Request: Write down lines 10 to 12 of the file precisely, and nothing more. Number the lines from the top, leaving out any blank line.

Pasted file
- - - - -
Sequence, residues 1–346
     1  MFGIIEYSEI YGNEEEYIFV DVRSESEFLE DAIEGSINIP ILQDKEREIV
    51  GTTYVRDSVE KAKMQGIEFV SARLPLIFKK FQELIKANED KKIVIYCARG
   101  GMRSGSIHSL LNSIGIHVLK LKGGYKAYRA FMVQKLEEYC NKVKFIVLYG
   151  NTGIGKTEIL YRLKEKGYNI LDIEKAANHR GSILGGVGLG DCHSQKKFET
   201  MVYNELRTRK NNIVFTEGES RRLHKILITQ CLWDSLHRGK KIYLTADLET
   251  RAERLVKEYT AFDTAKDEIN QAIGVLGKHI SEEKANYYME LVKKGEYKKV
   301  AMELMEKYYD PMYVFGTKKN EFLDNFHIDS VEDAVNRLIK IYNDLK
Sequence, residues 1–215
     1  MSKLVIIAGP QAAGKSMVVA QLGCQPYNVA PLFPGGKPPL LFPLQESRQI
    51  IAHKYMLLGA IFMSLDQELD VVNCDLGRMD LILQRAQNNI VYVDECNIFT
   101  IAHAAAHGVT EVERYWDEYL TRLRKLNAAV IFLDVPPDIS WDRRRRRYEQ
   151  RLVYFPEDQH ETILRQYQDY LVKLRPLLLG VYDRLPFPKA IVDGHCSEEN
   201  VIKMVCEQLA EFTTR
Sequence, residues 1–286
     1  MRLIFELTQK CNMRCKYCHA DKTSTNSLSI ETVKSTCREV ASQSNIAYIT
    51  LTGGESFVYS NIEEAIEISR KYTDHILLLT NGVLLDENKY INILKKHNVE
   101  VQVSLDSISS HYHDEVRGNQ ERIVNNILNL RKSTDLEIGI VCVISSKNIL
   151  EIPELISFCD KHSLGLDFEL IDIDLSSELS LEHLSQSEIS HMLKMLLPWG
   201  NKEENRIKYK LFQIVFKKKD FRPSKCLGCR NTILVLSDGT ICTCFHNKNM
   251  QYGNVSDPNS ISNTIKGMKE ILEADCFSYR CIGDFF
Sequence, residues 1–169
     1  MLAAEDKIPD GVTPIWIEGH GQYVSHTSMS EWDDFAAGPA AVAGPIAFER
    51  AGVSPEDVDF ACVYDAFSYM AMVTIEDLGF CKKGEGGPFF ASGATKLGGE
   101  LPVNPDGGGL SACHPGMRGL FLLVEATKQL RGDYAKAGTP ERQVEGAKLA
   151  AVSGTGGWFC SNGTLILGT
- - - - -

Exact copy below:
     1  MSKLVIIAGP QAAGKSMVVA QLGCQPYNVA PLFPGGKPPL LFPLQESRQI
    51  IAHKYMLLGA IFMSLDQELD VVNCDLGRMD LILQRAQNNI VYVDECNIFT
   101  IAHAAAHGVT EVERYWDEYL TRLRKLNAAV IFLDVPPDIS WDRRRRRYEQ